Debtors’ “Uncooperative and Argumentative” Behavior Merits a $5,000.00 Sanction

A recent decision by the Sixth Circuit United States Court of Appeals based in Cincinnati shows that debtors who refuse to comply with legitimate discovery requests run the risk of significant sanctions.

In the case of In re Lane, No. 20-5399 (December 22, 2020), the Court upheld a finding of contempt issued by a Kentucky bankruptcy court against the debtors who refused to attend a discovery deposition.   The debtors made the matter worse by also refusing to provide any dates when they would be able to attend the deposition.

The bankruptcy court sanctioned the debtors and required them to pay $5,000.00 to their adversary.  But the court gave the debtors a chance to get out of the sanction by simply “purging” their contempt.  All they had to do was comply with the legitimate discovery request by providing a date when they would sit for the deposition and the monetary sanction would have been eliminated.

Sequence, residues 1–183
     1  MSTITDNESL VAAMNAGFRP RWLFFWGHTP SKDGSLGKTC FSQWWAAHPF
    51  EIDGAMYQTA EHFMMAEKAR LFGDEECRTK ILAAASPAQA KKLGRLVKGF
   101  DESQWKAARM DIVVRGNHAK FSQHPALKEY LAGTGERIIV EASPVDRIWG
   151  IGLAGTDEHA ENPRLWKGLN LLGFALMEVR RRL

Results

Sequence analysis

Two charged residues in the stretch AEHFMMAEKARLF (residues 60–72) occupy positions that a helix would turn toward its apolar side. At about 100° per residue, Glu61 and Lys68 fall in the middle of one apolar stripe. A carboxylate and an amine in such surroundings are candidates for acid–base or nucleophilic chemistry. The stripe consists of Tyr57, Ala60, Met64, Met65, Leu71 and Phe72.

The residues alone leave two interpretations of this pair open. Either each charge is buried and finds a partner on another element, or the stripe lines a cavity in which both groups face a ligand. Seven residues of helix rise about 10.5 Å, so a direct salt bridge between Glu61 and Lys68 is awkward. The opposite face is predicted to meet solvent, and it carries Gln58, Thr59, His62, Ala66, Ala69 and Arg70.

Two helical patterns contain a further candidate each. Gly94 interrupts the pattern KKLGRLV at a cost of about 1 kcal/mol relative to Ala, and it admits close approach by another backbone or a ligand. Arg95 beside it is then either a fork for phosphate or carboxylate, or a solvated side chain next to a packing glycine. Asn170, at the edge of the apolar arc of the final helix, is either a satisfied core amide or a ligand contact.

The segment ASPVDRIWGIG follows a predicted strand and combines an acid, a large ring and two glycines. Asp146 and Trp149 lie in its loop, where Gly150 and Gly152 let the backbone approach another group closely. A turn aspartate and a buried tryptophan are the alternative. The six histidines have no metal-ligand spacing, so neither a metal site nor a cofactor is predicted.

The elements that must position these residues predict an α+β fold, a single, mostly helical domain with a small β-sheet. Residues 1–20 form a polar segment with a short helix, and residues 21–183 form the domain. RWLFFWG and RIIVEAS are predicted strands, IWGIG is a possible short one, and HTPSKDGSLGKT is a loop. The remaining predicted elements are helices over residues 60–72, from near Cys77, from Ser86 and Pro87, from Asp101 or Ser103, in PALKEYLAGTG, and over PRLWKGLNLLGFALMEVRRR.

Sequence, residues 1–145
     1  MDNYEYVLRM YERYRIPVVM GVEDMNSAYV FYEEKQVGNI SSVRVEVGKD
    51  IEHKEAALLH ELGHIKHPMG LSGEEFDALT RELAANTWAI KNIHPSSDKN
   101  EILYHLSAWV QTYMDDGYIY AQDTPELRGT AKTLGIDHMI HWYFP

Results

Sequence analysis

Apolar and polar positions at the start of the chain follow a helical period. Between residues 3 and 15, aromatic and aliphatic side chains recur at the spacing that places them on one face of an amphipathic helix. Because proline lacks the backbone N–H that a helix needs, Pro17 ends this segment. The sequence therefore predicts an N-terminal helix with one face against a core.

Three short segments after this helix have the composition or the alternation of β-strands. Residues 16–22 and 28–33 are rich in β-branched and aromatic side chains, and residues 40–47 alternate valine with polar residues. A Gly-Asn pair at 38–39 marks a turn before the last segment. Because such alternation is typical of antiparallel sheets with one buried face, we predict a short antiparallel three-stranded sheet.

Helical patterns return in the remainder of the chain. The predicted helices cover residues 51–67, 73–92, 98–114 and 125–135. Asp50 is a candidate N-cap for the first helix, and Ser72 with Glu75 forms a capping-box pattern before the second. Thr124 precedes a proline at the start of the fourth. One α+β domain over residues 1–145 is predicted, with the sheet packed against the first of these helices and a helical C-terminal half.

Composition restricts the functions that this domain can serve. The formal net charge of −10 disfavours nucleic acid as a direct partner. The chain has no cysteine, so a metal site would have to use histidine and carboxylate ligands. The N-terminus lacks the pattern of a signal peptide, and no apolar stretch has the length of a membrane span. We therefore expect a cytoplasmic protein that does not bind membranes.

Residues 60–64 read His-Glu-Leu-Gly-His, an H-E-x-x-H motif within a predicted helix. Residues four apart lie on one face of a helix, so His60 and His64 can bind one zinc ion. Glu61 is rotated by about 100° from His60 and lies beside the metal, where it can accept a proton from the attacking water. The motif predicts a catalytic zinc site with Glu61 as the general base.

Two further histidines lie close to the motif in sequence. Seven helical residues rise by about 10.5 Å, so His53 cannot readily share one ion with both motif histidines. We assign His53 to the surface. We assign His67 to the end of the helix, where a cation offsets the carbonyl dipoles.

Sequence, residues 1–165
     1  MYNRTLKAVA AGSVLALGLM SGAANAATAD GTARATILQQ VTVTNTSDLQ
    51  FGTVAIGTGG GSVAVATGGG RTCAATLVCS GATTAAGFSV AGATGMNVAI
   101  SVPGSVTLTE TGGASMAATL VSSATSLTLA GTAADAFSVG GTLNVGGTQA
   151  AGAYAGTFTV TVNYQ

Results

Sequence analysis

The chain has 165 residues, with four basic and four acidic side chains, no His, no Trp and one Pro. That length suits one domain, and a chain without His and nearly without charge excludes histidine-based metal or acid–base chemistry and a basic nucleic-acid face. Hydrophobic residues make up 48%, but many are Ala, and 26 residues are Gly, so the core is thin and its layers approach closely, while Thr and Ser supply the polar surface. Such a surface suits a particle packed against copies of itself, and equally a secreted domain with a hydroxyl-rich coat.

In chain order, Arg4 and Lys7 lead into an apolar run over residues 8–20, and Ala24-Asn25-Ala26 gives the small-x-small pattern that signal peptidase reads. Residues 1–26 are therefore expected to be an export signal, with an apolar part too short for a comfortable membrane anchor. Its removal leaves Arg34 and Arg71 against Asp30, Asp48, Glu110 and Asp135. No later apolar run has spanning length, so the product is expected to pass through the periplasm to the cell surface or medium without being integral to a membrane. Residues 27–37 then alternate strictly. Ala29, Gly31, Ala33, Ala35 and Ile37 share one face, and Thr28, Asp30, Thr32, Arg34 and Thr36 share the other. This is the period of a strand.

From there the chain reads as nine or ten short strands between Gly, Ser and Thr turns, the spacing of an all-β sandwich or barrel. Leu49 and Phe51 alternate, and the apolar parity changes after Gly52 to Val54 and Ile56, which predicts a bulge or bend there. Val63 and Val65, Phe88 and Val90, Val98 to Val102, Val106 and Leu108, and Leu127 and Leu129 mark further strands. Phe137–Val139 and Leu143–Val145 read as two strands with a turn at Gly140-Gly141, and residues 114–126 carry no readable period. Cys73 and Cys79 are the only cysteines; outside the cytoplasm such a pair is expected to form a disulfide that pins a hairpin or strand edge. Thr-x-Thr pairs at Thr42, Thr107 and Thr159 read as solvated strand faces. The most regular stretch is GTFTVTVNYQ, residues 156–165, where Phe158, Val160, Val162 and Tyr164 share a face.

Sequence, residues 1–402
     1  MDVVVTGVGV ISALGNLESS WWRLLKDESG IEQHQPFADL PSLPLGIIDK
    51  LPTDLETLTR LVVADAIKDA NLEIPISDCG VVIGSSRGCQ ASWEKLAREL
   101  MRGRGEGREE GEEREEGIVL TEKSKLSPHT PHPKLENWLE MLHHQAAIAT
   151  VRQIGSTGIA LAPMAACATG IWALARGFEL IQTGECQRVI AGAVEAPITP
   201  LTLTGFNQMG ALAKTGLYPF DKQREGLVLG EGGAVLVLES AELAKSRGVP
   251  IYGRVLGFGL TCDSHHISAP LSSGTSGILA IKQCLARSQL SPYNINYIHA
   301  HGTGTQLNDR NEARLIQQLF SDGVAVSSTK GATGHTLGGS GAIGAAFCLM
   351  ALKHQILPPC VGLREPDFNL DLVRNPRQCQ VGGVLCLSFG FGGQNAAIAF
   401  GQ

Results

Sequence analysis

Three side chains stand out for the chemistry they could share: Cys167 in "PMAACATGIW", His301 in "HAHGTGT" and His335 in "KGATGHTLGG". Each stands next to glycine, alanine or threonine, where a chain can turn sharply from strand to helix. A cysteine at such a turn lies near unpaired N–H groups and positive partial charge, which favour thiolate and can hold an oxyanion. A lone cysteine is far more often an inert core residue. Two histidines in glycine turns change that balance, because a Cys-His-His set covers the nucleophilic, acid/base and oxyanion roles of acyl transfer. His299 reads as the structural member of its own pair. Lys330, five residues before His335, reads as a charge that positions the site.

Instead, they appealed the bankruptcy court’s sanction all the way up to the Sixth Circuit Court of Appeals which upheld it.  The Sixth Circuit found that there was clear and convincing evidence of the debtors’ failure to comply with the bankruptcy court’s order requiring the debtors to provide a date when they would be available to have their deposition taken.  Since the debtors refused and did not contest the bankruptcy court’s contempt finding—instead, accusing the bankruptcy court of criminal behavior and being generally “uncooperative and argumentative”—the bankruptcy court’s order was allowed to stand.  Furthermore, the debtors were unable to show that they were unable comply with the bankruptcy court’s order which would have precluded a finding of contempt.  The opinion can be found on the Sixth Circuit Court of Appeals’ website here.